Re: git: d8560936e35c - main - security/pam_rssh: New port

From: Romain Tartière <>
Date: Wed, 22 Mar 2023 01:56:30 UTC
[Sending again form my address so that it reach

On Mon, Mar 20, 2023 at 09:33:14AM +0000, Matthew Seaman wrote:
> On 20/03/2023 03:50, Romain Tartière wrote:
> > The branch main has been updated by romain:
> > 
> > URL:
> > 
> > commit d8560936e35c4a0fa797431cbe6e234639df690b
> > Author:     Romain Tartière<>
> > AuthorDate: 2023-03-20 03:33:19 +0000
> > Commit:     Romain Tartière<>
> > CommitDate: 2023-03-20 03:49:50 +0000
> > 
> >      security/pam_rssh: New port
> >      
> >      This PAM module provides ssh-agent based authentication. The primary
> >      design goal is to avoid typing password when you sudo on remote servers.
> >      Instead, you can simply touch your hardware security key (e.g.
> >      Yubikey/Canokey) to fulfill user verification. The process is done by
> >      forwarding the remote authentication request to client-side ssh-agent as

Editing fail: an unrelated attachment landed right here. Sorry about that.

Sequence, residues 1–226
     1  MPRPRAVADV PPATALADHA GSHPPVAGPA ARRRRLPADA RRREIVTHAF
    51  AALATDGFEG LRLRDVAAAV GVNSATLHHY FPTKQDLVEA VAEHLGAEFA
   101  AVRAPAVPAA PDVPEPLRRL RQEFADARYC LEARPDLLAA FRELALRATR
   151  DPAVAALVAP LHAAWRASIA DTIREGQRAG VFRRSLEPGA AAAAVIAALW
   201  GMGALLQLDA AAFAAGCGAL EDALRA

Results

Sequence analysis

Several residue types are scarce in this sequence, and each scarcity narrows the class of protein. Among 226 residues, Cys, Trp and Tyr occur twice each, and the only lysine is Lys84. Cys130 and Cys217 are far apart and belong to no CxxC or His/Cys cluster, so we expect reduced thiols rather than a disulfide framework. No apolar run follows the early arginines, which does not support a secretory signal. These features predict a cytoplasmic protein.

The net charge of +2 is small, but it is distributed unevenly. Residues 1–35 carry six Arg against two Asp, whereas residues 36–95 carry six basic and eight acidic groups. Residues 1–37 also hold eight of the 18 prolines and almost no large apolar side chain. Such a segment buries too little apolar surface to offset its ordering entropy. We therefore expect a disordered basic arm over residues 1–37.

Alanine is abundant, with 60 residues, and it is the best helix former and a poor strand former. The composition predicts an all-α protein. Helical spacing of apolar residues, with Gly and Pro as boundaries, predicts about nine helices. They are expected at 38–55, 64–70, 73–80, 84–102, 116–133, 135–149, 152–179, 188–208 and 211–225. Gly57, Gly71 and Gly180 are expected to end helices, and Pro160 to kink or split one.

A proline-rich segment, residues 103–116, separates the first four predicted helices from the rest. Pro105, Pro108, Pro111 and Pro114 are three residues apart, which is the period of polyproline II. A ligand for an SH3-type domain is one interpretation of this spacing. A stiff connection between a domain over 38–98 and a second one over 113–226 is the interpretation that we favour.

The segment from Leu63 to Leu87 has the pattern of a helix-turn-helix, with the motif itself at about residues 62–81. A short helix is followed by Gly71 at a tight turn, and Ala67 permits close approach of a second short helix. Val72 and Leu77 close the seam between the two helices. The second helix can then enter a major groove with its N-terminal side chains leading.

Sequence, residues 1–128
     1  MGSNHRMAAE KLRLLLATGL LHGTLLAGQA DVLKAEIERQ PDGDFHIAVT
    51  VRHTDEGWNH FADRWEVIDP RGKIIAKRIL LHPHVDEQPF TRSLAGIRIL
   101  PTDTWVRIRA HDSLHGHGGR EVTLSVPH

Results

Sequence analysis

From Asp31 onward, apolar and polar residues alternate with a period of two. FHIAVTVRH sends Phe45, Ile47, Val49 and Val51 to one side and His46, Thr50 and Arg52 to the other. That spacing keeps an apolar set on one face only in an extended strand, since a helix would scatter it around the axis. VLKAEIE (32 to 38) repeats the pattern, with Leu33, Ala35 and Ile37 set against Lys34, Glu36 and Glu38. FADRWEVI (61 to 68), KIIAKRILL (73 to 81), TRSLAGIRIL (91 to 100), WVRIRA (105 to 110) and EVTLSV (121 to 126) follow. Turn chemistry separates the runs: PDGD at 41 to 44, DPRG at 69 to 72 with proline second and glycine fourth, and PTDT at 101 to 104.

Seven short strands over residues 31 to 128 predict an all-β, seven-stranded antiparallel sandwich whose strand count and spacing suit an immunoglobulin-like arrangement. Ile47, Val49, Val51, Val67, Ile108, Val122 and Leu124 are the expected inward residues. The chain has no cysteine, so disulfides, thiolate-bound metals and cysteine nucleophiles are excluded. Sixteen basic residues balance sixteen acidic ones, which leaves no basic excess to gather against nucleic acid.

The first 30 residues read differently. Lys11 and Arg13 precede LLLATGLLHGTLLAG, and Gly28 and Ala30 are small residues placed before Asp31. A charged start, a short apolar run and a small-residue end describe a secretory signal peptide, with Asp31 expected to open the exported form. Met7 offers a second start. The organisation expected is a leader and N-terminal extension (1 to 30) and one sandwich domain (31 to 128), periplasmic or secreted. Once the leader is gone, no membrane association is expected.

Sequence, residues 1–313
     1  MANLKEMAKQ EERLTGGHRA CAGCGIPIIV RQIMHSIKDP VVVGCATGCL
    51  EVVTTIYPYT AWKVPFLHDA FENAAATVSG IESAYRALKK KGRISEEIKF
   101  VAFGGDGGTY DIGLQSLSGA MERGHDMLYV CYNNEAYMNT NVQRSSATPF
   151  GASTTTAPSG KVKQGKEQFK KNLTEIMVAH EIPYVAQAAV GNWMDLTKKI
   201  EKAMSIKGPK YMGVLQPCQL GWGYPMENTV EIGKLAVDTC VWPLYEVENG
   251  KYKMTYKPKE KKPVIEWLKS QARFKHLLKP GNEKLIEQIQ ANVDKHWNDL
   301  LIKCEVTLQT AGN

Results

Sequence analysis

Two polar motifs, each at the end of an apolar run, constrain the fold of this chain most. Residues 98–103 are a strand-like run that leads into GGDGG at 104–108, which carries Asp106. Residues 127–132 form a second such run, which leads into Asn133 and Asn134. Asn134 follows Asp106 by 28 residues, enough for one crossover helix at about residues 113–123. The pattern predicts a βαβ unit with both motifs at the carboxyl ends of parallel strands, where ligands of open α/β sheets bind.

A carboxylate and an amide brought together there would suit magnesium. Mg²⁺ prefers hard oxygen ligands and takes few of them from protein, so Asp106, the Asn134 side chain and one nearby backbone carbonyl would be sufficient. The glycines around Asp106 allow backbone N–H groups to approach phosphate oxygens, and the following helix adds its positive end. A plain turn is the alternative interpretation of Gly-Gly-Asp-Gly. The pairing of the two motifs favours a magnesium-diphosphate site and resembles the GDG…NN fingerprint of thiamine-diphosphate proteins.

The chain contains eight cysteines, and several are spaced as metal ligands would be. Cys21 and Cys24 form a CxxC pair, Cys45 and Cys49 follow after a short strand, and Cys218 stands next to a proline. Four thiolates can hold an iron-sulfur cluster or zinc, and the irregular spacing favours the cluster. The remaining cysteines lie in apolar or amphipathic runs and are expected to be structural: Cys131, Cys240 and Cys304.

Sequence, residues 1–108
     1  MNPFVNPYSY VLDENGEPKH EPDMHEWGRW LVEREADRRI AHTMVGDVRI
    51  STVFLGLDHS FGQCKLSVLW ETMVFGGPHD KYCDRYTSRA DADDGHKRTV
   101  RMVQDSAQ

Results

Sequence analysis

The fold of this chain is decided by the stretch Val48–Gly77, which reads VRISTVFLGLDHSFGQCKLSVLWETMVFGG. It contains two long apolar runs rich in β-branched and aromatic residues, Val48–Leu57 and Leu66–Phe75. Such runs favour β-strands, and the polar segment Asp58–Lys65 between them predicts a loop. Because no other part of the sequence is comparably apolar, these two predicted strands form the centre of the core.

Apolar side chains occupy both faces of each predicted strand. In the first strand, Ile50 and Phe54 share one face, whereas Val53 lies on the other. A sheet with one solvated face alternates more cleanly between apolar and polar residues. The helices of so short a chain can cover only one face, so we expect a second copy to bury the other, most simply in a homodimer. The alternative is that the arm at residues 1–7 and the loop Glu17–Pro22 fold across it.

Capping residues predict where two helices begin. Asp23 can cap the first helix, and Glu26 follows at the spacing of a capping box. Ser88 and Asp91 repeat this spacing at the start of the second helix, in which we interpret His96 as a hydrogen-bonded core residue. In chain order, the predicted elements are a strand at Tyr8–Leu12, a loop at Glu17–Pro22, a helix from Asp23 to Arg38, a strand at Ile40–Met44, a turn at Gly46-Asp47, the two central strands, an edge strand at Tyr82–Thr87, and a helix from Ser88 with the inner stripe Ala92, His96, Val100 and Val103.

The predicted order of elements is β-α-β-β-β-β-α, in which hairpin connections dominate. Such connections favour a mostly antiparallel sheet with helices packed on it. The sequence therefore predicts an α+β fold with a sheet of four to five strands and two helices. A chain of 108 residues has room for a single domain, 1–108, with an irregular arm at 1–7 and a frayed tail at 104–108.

> >      a signature request.
> Hmmm... I wonder if it mightn't be an idea to have a "see also" comment 
> in a port where there are other ports available that provide very 
> similar functionality?

I am not aware of such "See also" ATM, but that might make some sense.

> As far as I can tell, this does _exactly_ the same thing as 
> security/pam_ssh_agent_auth -- the principal difference being, pam_rssh 
> is written in rust, and pam_ssh_agent_auth is written in C.

Almost :-D  pam_ssh_agent_auth does not support the "new" OpenSSH -sk
keys [1] (keys that are hardware backed [2]).  There was some effort to
integrate his PAM module into openssh [3] but it has been abandoned.

With these new -sk keys, I am reconsidering my usage of sudo on remote
systems where I don't use passwords and where I would prefer some kind
of authorization.  pam_ssh_agent_auth was out of scope because
forwarding keys by default looked a terrible idea, but with the
requirement of physically touching a device to use a -sk key, forwarding
the agent to reasonably trusted systems looks more acceptable...



Romain Tartière <>
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